«There is no point in beginning something without ambition.»— Steven Erikson.
I started reading this saga many years ago when a reader, regarding my first published novel THE LAST KING, commented, not in the best way I might add, that my book «looked like Malaz.»
It is not uncommon, in the universe of mostly epic fantasy, for novels to bear some resemblance to each other, but I was equally intrigued and acquired it (at the time, published in my native language by La Factoría de Ideas). To date, except for a couple of specific situations, I still do not find the kinship between the two, but my curiosity was then rewarded with one of the most gratifying readings I had in years: GARDENS OF THE MOON, the first book of a promising decalogy. However, I could not advance further in it, partly because not all the books arrived in Chile in translation or I started reading them late, partly because, after the closure of La Factoría de Ideas shortly after, the saga remained unfinished in Spanish. Until Nova took up the challenge of relaunching the complete saga.
This time, I was not in for surprises: I decided to buy and collect the nine available books (the tenth and last one, defying quarantine and economic crisis ad portas, will be published in September) before starting a re-reading. And after a little more than five years, I must say that the impression I have of GARDENS OF THE MOON has not only been maintained, but improved. Not only is it a wonderfully written book, but it has the rare quality (which not all fantasy books enjoy, though most pretend to achieve it) of taking place in a universe of its own with a historical past consistent with its present, alive in its ruins, intact in its memory even if it has been partly forgotten. A great variety of races and cultures are distinguished (and appreciated), not all of them human, and a wide knowledge of the consequences of war and power, and of human servitude immersed in the midst of historical processes. Magic merges with the miraculous, in a mixture of fantasy and ancient religion that add to the verisimilitude ingredient of the whole story.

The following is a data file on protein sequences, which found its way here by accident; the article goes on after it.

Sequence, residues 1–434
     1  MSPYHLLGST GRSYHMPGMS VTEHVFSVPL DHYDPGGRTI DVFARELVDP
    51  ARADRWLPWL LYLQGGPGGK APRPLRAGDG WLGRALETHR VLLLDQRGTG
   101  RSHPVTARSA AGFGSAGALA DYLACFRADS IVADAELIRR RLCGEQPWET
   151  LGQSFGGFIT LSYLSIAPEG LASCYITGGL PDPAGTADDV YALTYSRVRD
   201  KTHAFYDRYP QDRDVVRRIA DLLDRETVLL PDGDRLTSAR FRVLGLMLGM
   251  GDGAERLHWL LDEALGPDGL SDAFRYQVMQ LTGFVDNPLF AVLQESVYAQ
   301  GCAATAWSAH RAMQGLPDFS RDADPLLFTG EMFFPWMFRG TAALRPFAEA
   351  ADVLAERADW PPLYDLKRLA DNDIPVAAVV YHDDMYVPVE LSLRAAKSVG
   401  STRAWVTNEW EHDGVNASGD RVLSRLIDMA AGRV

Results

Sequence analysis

Steven Erikson is an anthropologist, by the way, and his training partly explains the reader’s approach to the first installment of this saga: by fragments. Just as when an excavator finds a series of pieces of pottery and enjoys the find trying to understand how they are put together to take shape, so the reader must be attentive to what is not an easy read, but not impossible either, and which certainly grows scene after scene.
If I had to criticize something it is the huge cast of characters, which prevents getting involved with any of them in particular as protagonist, but being an opening novel it is too early to make a judgment about it in which, anyway, it is not a novel like most of those circulating in the publishing market.
GARDENS OF THE MOON has earned a place among my favorite reads and I give it a solid five star rating.
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